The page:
The subsequent roundtable discussion got a tad esoteric and delved into some very nuanced issues. It was there that Jack described the NRC Fukushima recommendations, which had been endorsed as an action plan for the agency in an announcement just hours before he spoke.

The bus ride question and answer session was fun for us and hopefully educational for reporters and editors, and at the roundtable it as interesting to hear so many different perspectives in one place at one time. Thanks to the SEJ for the opportunity.

Eliot Brenner
Public Affairs Director

There Are No Cracks in Davis-Besse’s Containment

The NRC was informed by FirstEnergy on October 10 that it had identified what looked like a crack in the concrete shield building of the Davis-Besse nuclear power plant in Oak Harbor, Ohio. The plant had been shut down and workers were starting to cut a hole in the side of the building in order to move and replace the reactor head when they found the crack. The shield building is made of about three feet of concrete reinforced with two to three-inch steel rods.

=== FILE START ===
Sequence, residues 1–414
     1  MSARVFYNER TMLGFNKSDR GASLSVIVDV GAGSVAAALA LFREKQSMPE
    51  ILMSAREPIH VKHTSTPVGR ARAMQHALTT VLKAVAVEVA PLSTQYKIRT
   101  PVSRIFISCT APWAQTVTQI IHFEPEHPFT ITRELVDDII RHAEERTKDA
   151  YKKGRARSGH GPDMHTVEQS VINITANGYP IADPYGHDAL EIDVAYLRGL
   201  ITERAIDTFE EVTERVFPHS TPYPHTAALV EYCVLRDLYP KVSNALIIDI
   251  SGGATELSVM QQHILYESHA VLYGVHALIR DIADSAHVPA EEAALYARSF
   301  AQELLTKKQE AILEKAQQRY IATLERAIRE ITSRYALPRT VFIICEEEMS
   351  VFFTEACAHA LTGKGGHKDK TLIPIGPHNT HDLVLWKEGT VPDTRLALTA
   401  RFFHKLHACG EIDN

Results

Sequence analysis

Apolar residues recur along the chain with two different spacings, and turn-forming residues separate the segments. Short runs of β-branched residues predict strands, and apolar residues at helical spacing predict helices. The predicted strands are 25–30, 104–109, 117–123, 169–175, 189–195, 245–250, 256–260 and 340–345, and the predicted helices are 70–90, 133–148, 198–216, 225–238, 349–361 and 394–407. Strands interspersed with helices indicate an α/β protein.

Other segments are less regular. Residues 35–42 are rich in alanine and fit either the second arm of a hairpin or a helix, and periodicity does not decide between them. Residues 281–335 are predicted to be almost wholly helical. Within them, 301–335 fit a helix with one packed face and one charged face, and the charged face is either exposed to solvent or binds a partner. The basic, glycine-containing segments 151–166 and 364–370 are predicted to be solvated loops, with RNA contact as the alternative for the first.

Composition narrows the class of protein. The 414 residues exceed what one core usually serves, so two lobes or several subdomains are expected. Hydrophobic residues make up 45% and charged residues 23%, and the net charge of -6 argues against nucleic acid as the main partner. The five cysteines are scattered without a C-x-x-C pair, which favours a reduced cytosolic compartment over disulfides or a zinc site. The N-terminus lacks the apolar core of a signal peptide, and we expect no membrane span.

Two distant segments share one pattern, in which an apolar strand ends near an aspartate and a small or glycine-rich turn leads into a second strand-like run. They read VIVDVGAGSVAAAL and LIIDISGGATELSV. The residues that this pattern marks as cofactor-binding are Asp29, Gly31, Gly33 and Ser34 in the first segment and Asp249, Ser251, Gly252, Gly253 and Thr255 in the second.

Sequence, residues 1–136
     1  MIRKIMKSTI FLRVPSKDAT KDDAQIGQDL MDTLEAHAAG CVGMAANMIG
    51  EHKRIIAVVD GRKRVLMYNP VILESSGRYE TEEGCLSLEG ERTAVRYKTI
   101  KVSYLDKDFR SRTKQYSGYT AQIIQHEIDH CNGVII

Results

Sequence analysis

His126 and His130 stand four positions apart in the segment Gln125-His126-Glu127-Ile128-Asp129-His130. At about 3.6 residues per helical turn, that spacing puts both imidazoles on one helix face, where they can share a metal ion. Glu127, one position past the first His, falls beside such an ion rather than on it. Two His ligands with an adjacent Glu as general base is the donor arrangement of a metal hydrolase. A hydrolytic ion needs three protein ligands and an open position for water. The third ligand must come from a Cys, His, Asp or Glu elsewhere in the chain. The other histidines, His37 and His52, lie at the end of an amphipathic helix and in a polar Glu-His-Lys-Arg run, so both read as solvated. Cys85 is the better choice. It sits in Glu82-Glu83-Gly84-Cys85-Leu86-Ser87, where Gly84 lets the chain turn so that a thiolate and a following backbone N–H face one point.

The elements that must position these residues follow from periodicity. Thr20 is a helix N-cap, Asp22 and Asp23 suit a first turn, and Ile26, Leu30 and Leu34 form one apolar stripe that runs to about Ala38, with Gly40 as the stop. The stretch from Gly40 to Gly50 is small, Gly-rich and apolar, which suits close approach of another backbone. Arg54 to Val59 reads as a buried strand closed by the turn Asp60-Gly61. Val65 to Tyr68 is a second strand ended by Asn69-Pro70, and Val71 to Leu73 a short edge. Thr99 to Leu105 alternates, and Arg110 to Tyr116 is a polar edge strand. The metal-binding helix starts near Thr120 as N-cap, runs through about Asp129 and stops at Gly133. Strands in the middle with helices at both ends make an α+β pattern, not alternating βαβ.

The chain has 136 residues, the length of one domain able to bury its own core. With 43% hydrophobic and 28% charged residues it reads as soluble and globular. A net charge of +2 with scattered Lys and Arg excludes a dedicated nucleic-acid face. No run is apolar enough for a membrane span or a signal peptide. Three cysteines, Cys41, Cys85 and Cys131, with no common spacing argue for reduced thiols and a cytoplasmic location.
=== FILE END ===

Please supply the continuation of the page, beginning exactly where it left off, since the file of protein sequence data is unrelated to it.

It’s important to emphasize that the shield building at Davis-Besse is not the reactor containment vessel. That vessel is made of one-inch thick welded steel and sits inside of the shield building separated by about four and a half feet of hollow space. The shield building’s primary function is to protect the containment building against external hazards. The steel vessel is designed to keep the radiation inside the reactor from reaching the environment.

Because the plant is currently shut down there is no threat to public health and safety. Furthermore, this issue did not meet the NRC’s reporting requirements because it did not constitute an immediate safety concern.

Nevertheless, the NRC immediately sent a concrete material expert to the plant. In addition, there were already two resident inspectors and specialists from the Region III office in Lisle, Ill., on the site monitoring the reactor head replacement activities. They are now also conducting an independent assessment of this new issue and are reviewing the utility’s efforts to understand the issue and any potential safety significance. If there are any challenges identified with the design function of the shield building the NRC will expect the utility to resolve them before restarting.